Momma mare carries hopes

Time to deliver: Mary Bo Peep, age 18, is one of 1,500 Maryland broodmares due to give birth this spring. If their breeders are lucky, some of those foals will grow up to be winners at the track.

April 07, 1996|By Mike Klingaman | Mike Klingaman,SUN STAFF

Head down, ears up, eyes closed, the pregnant broodmare dozes in the midday sun. Mary Bo Peep is asleep on her feet -- no easy task, considering the 90-pound thoroughbred stirring restlessly inside her.

Mary Bo Peep doesn't budge. She has given birth many times before, and the warmth feels good on her aging back. Nothing stirs save the unborn foal, kicking at its mother's sides. Her belly dancing, the old mare slumbers on.

It's spring and, like 1,500 other thoroughbred broodmares throughout Maryland, Mary Bo Peep awaits the stork. Across the state, horsemen pace barn floors like expectant fathers, anticipating the latest crop of wobbly foals on which to pin their racing hopes.

For Mary Bo Peep, the payoff is at hand. Bred 11 months ago to an expensive stallion, she is due to give birth tomorrow at Liberty Run Farm in southern Carroll County. To another Cigar? Who knows? Breeding racehorses is a genuine risk -- a crap-shoot, say experts, where the dice aren't rolled for two or three years hence.

"Mares with good pedigrees and good racing records are most likely to do well," says Tim Capps, executive vice president of the Maryland Horse Breeders Association. "But anything can pop out of a pedigree at any point."

In the end, he says, "Success is where you can find it."

Mary Bo Peep seems an unlikely source. A shy, slightly swaybacked 18-year-old mare with modest bloodlines and mediocre winnings ($19,000), she looks like a poster horse for the mucilage industry. Far from it. Of her seven race-age offspring, six have won at the track, two took stakes races and three have earned nearly $100,000 or more.

The best, 5-year-old Mary's Buckaroo, finished second in last year's prestigious Maryland Million Classic and has earned $300,000 -- more than 15 times a horse's average lifetime paycheck.

Ergo, the interest in Mary Bo Peep's foal-to-be.

Says Capps: "If a mare produces a couple of horses with six-figure earnings, she's got a chance to produce something really exceptional."

Blue-collar roots

Such dreams keep horsemen plugging, especially small-time owners like George Swope, a Baltimore pharmacist who bought Mary Bo Peep in 1982.

"I'm blue-collar and so is she," says Swope, 49, a Highlandtown resident who works at a Rite-Aid in Dundalk. "We both come from the wrong side of the tracks. That I'm proud of her goes without saying."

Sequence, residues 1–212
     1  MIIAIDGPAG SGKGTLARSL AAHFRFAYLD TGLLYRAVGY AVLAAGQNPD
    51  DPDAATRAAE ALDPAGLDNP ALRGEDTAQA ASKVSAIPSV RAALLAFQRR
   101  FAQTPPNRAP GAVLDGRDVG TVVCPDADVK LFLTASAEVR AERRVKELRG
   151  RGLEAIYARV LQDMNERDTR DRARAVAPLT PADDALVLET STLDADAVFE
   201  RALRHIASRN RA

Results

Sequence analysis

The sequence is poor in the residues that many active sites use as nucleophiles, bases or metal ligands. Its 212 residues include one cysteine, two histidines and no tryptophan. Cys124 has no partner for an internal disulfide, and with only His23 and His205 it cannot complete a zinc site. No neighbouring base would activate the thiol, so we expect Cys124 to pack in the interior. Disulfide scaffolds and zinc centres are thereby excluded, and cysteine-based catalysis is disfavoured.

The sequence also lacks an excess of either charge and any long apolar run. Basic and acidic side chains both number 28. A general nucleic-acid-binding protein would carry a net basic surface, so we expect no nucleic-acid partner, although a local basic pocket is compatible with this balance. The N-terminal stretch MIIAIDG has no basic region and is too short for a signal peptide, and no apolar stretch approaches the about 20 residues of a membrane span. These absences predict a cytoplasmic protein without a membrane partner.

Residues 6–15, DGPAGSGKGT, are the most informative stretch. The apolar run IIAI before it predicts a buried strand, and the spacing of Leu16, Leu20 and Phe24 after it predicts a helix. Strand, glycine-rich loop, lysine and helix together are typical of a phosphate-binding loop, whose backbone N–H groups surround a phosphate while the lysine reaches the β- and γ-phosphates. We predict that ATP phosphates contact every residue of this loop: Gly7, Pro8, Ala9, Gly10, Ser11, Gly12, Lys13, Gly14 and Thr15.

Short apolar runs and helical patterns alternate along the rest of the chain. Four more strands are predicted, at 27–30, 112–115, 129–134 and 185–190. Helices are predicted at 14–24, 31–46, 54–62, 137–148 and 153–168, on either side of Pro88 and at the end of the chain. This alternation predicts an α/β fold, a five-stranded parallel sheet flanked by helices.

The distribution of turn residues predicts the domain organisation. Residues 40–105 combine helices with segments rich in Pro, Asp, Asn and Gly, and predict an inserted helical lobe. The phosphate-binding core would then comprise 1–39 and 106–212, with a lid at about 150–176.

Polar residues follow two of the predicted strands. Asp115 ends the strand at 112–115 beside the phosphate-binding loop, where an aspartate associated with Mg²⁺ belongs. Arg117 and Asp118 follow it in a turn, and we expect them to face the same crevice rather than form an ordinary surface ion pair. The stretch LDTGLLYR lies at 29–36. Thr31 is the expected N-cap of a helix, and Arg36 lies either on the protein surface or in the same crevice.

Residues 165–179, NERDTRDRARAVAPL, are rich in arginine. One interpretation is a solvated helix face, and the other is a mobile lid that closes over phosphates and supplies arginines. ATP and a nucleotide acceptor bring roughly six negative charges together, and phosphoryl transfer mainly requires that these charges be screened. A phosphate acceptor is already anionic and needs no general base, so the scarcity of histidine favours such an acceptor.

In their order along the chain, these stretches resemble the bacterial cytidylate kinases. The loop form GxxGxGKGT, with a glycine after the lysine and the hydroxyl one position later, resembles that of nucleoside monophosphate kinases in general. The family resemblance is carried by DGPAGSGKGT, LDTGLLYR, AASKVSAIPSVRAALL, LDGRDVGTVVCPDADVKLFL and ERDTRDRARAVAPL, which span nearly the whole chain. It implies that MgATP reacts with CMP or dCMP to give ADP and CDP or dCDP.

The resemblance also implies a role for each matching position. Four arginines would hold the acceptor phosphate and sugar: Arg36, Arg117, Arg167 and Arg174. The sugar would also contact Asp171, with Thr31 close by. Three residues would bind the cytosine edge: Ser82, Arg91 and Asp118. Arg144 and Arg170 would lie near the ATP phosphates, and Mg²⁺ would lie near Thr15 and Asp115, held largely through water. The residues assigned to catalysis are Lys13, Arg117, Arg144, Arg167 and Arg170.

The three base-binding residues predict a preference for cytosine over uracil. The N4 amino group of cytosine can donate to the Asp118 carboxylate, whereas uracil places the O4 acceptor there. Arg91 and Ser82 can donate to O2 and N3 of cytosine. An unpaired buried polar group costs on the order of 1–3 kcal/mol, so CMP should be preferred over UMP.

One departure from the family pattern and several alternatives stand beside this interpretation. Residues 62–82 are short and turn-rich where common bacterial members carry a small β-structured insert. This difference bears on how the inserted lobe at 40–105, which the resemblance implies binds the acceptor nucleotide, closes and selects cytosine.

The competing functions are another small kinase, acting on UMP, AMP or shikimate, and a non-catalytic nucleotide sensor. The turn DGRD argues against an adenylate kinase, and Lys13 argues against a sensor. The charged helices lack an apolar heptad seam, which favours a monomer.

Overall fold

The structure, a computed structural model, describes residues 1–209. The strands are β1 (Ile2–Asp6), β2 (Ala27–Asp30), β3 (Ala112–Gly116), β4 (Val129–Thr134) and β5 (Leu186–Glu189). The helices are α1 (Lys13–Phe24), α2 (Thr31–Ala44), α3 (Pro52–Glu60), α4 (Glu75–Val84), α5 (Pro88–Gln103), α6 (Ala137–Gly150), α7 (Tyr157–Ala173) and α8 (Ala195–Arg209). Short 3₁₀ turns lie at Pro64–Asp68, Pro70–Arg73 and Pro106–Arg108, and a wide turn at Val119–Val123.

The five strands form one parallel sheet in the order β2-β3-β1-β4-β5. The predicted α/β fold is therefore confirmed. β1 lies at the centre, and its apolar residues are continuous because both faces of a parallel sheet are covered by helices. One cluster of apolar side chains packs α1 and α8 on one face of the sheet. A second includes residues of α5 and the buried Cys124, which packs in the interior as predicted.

Mary Bo Peep was toiling at Delaware Park when Swope spotted her, a smallish roan filly from Nebraska who'd worked her way East, competing in cheap races on backwater tracks in West Virginia and Pennsylvania. She struggled on minor-league ovals, winning six of 48 starts. Mom would be proud: Mary Bo Peep's dam won just one race in 45.

Swope and a partner claimed the little horse for $6,500 and sent her back to the races. Mary Bo Peep fared poorly, backsliding each time out. Game but sluggish, she kept losing ground. It was as though she was running for two.

She was.

Swope still remembers the phone call from the racetrack. "Guess what?" his trainer said. "You're going to be a daddy."

Swope had unknowingly purchased a pregnant racehorse. Mary Bo Peep was scratched from her next race and foaled two weeks later, in the spring of 1983.

Her firstborn was "a big, beautiful colt," says Swope. Because he didn't know who the father was, Swope gave the colt away as a pleasure horse.

The mommy track

Mary Bo Peep never raced again. She landed at Liberty Run Farm and became a full-time broodmare. "Her breeding career began by accident, but we thought we'd give this a shot," her owner says.

Her first registered foals easily surpassed their mother in earnings at the track. Reason To Peep garnered $43,000; Turn To Teddy, $99,000; and Elegant Bo $151,000.

Mary Bo Peep had clearly found her niche: professional mommy.

To date, her offspring -- none of them sired by significant stallions -- have earned more than $660,000.

There have been setbacks. In 1992, her 4-month-old foal became ill and had to be destroyed. Veterinarians found a growth in the colt's intestines. Mary Bo Peep, who'd accompanied her little bay to the hospital, screamed long and loud when forced to leave without him.

"She was distraught for days," says Mary Joanne Hughes, Liberty Run's farm manager and trainer. "She walked all along the fence, worrying, looking for her baby. For weeks, every time she saw a foal, she thought it was hers."

Her handlers say Mary Bo Peep is a doting mother who keeps close tabs on her youngsters when people are nigh. "She lets us touch her foals, but she's watching us all the time," says Hughes.

Most poignant, she says, is the kinship between mother and newborn: "Mary nickers to her babies, real low and deep, like 'huh-huh-huh.'

"It's very emotional, like a wink between husband and wife."

Time growing short

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